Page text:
PV CellTech will take place in Penang on 14-15 March 2017, and PV Tech took time out to talk with the event Chairman Finlay Colville on what to expect from the event and a detailed look at the speakers and topics that make up the full agenda of the two-day event.

Thank you Finlay for taking the time to discuss the full agenda for PV CellTech. Can you walk us through the sessions over the two days and highlight what the attendees can expect to hear?

We have an even better speaker line-up compared to the inaugural event last year in Malaysia for PV CellTech, and this has been driven by our goal to have as many of the CTOs and Heads of R&D from the top-20 PV cell producers speaking. This year, we extended the scope of the event upstream with greater focus on the wafer supply for cell manufacturing, recognizing last year that you had to lump wafer and cell together to really understand the PV technology roadmap and the new cell process flows that were going to come through in the next 12-18 months.

After brief introduction talks from the CEO of the Malaysian Investment Development Authority (MIDA) and myself, on behalf of PV-Tech and the Technical Advisory Board, the event gets into full swing at 10am on Tuesday 14 March, when we have the plenary session of PV CellTech.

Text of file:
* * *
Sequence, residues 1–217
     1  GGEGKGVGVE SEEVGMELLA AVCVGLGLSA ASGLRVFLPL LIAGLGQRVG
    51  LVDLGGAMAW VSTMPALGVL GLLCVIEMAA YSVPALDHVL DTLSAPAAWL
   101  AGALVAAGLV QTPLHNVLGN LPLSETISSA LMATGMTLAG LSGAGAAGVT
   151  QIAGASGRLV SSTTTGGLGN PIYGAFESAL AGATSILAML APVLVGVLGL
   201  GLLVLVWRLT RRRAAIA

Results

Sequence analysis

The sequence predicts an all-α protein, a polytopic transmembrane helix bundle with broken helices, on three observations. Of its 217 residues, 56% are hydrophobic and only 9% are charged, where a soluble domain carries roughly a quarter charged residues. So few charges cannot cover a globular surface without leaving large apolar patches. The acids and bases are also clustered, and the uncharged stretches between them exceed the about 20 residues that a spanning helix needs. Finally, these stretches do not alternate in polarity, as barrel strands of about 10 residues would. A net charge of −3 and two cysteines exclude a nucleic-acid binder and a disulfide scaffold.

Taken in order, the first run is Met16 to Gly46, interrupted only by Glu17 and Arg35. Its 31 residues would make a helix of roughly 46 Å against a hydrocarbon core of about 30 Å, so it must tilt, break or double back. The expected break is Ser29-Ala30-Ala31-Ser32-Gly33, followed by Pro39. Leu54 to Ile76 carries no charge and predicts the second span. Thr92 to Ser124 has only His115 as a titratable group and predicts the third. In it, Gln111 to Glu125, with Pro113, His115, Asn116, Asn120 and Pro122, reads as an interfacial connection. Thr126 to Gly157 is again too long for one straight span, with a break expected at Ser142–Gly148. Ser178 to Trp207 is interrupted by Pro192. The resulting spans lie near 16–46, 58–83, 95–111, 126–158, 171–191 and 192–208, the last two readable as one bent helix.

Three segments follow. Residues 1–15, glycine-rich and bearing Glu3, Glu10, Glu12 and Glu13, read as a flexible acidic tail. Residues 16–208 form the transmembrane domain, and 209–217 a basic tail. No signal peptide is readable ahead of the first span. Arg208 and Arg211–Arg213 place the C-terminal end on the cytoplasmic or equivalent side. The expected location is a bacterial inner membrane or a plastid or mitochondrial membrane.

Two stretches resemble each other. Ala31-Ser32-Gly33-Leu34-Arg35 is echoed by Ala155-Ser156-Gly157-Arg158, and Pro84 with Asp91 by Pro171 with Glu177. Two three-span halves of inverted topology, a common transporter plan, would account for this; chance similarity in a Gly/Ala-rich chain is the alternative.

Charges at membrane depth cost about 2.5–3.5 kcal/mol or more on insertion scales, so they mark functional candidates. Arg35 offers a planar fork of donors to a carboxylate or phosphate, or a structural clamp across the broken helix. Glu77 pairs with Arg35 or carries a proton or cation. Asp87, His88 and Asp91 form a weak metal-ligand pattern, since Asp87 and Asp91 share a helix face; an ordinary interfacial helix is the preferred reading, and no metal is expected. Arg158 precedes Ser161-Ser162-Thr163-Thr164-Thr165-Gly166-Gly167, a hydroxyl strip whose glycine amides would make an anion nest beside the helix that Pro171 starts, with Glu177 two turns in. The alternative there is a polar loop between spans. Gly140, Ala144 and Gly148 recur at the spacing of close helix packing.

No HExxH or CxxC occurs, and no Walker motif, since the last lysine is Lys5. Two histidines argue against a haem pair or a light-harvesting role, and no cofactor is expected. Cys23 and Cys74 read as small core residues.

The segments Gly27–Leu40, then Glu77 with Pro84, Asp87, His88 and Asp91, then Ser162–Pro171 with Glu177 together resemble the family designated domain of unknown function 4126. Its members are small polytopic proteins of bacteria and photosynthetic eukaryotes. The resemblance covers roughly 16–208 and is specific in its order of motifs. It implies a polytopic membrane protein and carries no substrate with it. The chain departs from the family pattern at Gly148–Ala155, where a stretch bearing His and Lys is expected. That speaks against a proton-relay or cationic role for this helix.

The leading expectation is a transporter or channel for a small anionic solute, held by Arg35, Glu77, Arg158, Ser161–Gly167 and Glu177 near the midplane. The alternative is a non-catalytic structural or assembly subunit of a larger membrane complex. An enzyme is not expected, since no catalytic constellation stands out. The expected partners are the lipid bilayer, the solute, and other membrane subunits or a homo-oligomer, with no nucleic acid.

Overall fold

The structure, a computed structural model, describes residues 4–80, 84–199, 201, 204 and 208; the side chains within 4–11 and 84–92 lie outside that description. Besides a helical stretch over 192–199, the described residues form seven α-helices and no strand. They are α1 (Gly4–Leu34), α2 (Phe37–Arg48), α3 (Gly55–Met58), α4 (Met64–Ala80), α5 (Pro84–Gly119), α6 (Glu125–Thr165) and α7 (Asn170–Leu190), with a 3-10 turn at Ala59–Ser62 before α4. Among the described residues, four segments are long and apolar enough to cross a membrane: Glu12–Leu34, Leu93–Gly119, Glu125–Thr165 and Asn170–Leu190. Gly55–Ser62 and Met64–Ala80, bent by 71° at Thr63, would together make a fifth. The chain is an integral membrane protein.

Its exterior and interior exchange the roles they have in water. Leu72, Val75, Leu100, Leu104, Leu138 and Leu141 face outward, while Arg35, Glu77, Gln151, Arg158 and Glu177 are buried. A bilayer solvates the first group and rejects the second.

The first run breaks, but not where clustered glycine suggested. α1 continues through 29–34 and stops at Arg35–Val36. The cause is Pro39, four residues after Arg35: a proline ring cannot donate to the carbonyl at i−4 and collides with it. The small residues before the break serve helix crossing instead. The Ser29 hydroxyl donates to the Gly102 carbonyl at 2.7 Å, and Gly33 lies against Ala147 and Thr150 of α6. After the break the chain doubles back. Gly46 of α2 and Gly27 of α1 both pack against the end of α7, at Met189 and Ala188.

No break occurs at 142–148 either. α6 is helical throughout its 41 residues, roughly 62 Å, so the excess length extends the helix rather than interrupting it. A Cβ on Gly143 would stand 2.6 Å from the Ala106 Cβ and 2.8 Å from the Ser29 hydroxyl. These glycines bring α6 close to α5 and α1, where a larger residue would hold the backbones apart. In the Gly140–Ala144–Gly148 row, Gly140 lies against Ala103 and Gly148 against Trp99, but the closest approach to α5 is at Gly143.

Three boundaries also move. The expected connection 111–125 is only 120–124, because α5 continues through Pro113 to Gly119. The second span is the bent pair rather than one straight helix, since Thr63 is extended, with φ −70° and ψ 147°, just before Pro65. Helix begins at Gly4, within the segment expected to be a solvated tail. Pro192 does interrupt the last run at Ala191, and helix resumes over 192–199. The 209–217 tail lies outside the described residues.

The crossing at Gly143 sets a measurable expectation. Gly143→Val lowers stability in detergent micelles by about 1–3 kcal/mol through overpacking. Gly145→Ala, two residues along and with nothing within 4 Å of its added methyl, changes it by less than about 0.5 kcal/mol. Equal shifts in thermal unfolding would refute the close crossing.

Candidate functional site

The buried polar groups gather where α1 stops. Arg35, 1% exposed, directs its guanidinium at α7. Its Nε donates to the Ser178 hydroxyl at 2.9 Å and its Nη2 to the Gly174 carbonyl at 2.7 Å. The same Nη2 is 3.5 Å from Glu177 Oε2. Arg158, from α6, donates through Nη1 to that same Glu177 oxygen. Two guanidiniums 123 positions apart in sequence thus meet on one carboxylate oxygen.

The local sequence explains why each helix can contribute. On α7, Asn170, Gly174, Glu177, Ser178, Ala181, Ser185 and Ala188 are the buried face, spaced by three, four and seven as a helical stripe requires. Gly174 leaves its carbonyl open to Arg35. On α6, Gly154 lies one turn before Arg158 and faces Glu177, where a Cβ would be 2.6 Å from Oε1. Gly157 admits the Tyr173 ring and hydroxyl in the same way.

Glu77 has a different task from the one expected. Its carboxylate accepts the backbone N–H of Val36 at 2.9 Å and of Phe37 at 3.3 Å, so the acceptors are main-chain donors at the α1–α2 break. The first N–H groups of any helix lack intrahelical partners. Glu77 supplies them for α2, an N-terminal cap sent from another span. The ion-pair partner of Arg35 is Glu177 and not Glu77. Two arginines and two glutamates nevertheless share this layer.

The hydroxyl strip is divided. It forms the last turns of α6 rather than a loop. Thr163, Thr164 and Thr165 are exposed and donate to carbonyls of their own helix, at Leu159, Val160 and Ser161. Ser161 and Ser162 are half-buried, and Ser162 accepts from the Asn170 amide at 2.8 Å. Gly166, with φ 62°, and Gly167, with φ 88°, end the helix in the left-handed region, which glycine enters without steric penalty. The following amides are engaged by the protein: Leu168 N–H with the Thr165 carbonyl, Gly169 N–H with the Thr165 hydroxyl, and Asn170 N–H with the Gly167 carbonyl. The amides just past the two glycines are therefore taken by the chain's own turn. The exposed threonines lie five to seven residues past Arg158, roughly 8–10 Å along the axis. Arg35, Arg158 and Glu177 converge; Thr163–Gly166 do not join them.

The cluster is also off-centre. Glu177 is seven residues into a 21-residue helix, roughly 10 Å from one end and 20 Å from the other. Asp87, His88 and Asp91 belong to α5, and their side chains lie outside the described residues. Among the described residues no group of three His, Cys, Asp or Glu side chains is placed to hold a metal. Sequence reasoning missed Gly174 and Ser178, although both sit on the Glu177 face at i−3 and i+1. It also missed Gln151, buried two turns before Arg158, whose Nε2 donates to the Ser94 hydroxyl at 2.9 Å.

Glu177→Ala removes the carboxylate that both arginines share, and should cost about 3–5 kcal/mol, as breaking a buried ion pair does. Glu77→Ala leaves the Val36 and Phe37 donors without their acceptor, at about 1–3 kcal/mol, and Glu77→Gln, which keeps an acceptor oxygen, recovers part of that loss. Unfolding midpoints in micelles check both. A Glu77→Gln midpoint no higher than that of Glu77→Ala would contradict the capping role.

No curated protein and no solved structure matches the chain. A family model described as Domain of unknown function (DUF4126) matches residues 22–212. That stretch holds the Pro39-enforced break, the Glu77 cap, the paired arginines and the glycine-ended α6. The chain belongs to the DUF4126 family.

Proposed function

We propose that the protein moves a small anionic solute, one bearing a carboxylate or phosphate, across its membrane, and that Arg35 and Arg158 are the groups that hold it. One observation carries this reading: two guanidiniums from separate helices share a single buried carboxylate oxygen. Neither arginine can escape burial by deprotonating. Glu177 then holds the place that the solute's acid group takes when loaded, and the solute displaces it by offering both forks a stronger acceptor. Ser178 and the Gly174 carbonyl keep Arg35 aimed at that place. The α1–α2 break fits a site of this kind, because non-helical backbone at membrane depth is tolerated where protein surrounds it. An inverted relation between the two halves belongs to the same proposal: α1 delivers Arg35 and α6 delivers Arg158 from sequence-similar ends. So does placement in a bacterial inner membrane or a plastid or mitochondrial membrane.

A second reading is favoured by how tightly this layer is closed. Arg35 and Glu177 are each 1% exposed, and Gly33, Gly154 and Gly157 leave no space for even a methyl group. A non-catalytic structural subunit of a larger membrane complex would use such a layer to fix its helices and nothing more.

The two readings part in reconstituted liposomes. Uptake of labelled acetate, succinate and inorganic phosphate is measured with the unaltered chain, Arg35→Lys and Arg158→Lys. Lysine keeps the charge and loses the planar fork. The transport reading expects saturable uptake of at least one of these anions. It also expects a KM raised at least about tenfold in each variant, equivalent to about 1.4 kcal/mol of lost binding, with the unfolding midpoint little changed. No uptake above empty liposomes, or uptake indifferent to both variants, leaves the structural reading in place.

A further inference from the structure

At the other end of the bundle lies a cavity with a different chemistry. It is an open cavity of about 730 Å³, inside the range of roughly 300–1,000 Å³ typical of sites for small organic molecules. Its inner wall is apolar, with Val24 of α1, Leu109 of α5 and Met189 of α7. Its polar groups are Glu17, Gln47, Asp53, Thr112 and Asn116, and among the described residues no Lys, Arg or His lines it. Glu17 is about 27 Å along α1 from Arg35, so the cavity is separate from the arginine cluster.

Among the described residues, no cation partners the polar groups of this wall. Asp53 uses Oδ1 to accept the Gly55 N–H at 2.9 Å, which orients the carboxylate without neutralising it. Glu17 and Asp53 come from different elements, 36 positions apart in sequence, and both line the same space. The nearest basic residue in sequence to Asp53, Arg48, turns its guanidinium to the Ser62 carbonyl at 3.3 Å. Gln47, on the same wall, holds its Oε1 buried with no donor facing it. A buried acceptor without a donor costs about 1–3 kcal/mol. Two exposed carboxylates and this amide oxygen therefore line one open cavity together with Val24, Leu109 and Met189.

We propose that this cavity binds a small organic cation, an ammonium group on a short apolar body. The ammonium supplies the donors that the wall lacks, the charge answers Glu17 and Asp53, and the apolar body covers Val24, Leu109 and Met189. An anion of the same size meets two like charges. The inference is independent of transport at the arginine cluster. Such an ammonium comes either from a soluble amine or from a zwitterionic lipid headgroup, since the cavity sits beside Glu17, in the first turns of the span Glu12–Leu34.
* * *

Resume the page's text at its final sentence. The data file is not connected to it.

All speakers in fact for PV CellTech 2017 are invited by us, with inputs from the Technical Advisory Board, not just the plenary and keynote talks at the start of each day.

The opening plenary session could not be better. The event comes to life with these 30 minute talks, starting with Xie Tian from LONGi Green Energy essentially spelling out the case today for mono wafer supply to the industry.

This is followed by Stuart Wenham from the University of New South Wales, with a topic that is probably top of the list of all multi cell producers today – how to get PERC working on existing and new p-type multi c-Si production lines. Remember that in 2016, more than two-thirds of p-type cell production was still on multi wafers, and aside from a few multi cell producers, the rest of the industry is still seeking to understand how to implement PERC into their lines.

The event then dives more deeply into p-type multi cell production, with black-silicon, diamond wire sawing of p-type multi wafers and PERC under the spotlight. Combined with Stuart Wenham’s plenary talk, by the time we get to 12.30 on day-1, we will undoubtedly have the basis for some of the most critical parameters related to p-type solar cell production today.

Following the lunch break, PV CellTech gets its first glimpse at n-type manufacturing, with heterojunction and n-PERT activity being spelled out across four talks. Also, the first discussions on bifacial cells will also be revealed here. Perhaps also we will hear about how some of the a-Si PECVD/PVC equipment from turn-key a-Si lines is poised to return to the market, and maybe even, the first main competitor to Panasonic for HJT cells will be revealed!

The afternoon of Tuesday 14 March is divided into two parts, with p-type mono and PERC returning to the table.